What does the polyphenol content say about the quality of an extra virgin olive oil?

About the olive oil

What does the polyphenol content say about the quality of an extra native olive oil
Mild, not spicy, not bitter, possibly not own taste. Is this kind of olive oil really healthy? Nikos Pulos of Elisson Olive Oil & More explains why you shouldn’t buy this kind of olive oil…
The market is flooded with cheap extra native olive oil, which is actually none. Because in addition to compliance with the maximum limits for free fatty acids, peroxide and K-values, the salary of secondary plant substances such as polyphenole and tocopherole (Vitamin E) is a critical criterion for nature serenity and the health effects of olive oil. Now it has been officially confirmed by the European Food Safety Authority (EFSA) what numerous scientific studies had already been applied years ago: the secondary plant substances in native olive oil have an extra effective effect on B Low blood pressure, cholesterol and diabetes. In addition, there is sufficient scientific evidence on the anti-inflammatory and antioxidant effect of Oleocanthal as well as the amazingly good ratio between the fatty acids Omega 6 and Omega 3 (14 to 1) in olive oil, which is different equally is only contained in breast milk. The question is now, what olive oils still have these ingredients.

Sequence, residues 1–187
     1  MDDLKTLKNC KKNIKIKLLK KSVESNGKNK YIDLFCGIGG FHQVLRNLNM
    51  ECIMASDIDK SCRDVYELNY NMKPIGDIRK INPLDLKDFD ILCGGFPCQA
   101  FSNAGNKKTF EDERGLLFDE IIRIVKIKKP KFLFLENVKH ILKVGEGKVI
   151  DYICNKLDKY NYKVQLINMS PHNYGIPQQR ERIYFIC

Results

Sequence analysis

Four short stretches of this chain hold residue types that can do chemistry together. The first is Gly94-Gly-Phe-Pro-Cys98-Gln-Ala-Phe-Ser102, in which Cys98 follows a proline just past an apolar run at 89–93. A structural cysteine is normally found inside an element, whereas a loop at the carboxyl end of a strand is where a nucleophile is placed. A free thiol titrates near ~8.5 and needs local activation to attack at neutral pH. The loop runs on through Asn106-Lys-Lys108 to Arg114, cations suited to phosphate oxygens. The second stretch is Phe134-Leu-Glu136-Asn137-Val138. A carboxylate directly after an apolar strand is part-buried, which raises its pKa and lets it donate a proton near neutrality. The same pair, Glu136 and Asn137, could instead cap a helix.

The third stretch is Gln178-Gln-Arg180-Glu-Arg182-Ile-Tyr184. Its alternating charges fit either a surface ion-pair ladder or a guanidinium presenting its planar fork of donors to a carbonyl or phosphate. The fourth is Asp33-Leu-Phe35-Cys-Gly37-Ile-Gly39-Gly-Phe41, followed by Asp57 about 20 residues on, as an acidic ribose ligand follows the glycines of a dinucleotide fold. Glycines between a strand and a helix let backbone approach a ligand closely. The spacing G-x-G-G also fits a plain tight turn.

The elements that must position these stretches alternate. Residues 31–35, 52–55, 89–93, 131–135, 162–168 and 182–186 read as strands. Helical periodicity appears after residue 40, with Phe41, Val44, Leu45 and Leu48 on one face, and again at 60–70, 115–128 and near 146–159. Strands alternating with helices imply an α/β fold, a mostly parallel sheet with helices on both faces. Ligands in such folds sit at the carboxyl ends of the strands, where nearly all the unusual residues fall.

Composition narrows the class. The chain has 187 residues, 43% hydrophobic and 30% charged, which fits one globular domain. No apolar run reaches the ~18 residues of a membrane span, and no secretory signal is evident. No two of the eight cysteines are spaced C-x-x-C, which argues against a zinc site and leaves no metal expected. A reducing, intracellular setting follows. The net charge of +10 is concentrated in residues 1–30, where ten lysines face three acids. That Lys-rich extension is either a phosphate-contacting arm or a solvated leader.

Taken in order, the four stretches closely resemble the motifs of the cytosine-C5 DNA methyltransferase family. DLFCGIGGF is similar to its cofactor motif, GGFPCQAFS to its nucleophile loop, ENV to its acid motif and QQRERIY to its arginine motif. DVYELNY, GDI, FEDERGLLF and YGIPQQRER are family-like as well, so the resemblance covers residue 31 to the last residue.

Olive oils with high content of polyphenol

Good olive oils have a share of total phenol of over 200 mg/kg. Olive oils that are especially health-boosting, cost more than 400 mg/kg, there are even olive oils with excellent performance of 600-800 mg/kg. Polyphenol-rich olive oils are extracted only from olives harvested early. In the various mature stages, the color of the olives on the tree changes from green (unripe) to yellow-green, then red-violet, until they are completely black (completely ripe). The more the olives ripen, the more polyphenols are lost through the fruit sugar and the associated enzymatic activity during the ripening process. Numerous lab analyses found that green-yellow olives have the highest polyphenol percentage (like the second olive from left in the picture). Early harvested olives give a polyphenol-rich olive oil in the proper production process (no adding water, temperature up to 25°C). Such olive oils are certainly spicy and – depending on the kind of olive – more or less bitter. Olive oil is naturally a matter of taste; many like milder olive oils. However, it depends on the proper preparation of the dishes, so that the bitterness and bitterness are considered pleasant.
By the way, polyphenol-rich olive oils have a very long durability, since the polyphenol acts as natural preservatives.
For example, such an olive oil is our Elissón Special Edition Manaki Olive Oil.